This film explains tuberculosis and its treatment to the lay person. A man in an office setting speaks directly at the camera, discussing on the size of the tubercle bacillus; the nature and history of tuberculosis; transmission of the disease; growth of the bacilli in the body illustrated with chalkboard drawings; and the body's natural defenses against tuberculosis. Tuberculin tests, by injection and by patch, are shown. A mobile chest X-ray unit is shown with people lined up outside and a patient being X-rayed inside. On a chest X-ray, the presence of tuberculosis is pointed out. The film emphasizes that people with active tuberculosis should be kept away from the rest of society. A tuberculosis hospital, characterized as a cure and a preventive, is shown from the outside. Inside, gowned, masked attendants care for patients in a ward. The narrator explains the technique for handling bed linens, etc., so the disease is not spread. The narrator explains and demonstrates on an anatomical model pneumothorax and pneumoperitoneum to rest a diseased lung. He also demonstrates thoracoplasty and resection. Drug advances and drug therapy for tuberculosis are outlined. Good health and hygiene habits are recommended as tuberculosis prevention. Shots include: the tubercle bacilli under the microscope and under the electron microscope; a model of a tubercule; male and female patients in a sun room; X-ray motion pictures of the human lungs in action.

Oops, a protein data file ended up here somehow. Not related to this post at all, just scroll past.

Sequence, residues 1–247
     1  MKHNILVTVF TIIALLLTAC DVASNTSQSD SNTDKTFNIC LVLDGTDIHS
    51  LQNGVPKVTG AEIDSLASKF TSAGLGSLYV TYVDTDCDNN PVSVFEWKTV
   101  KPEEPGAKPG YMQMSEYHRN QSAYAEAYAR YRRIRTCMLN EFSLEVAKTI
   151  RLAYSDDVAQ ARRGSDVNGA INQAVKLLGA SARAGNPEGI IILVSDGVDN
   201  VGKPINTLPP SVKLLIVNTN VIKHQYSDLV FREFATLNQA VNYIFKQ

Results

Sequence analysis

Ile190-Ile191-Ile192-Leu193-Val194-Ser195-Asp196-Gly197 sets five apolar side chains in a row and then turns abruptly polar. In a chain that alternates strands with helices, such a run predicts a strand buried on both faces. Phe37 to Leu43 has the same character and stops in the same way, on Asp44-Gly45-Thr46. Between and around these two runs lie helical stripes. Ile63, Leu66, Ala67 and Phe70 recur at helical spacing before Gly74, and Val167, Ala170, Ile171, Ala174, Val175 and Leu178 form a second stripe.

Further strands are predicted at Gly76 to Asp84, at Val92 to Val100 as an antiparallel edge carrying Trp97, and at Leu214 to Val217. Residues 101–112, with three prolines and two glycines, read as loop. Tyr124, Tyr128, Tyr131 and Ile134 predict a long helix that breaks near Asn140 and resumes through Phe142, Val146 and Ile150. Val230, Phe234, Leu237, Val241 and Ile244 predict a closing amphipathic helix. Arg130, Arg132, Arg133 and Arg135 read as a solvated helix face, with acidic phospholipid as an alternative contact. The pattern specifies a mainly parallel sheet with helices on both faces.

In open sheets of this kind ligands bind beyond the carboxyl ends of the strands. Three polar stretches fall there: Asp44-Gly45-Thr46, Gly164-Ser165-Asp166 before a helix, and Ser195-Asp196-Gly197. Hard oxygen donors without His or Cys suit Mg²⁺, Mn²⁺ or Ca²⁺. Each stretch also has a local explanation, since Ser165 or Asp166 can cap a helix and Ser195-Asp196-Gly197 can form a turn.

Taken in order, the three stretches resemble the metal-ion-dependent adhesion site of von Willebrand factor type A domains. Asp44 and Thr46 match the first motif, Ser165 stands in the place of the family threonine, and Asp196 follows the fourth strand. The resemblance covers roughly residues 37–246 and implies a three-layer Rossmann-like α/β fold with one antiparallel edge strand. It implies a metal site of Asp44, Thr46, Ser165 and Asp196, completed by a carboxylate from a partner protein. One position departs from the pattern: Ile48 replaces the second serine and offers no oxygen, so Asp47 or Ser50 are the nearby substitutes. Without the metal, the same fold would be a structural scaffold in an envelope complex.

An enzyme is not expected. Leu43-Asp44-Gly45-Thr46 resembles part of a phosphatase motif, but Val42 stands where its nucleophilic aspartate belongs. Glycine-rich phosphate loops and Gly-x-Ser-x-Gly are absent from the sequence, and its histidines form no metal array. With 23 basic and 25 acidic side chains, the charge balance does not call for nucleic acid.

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Directed by Leslie M. Roush ; photographed by Jules K. Sindic ; written by Jerome Alden.
Received: (date unknown) as a donation from the National Tuberculosis Association.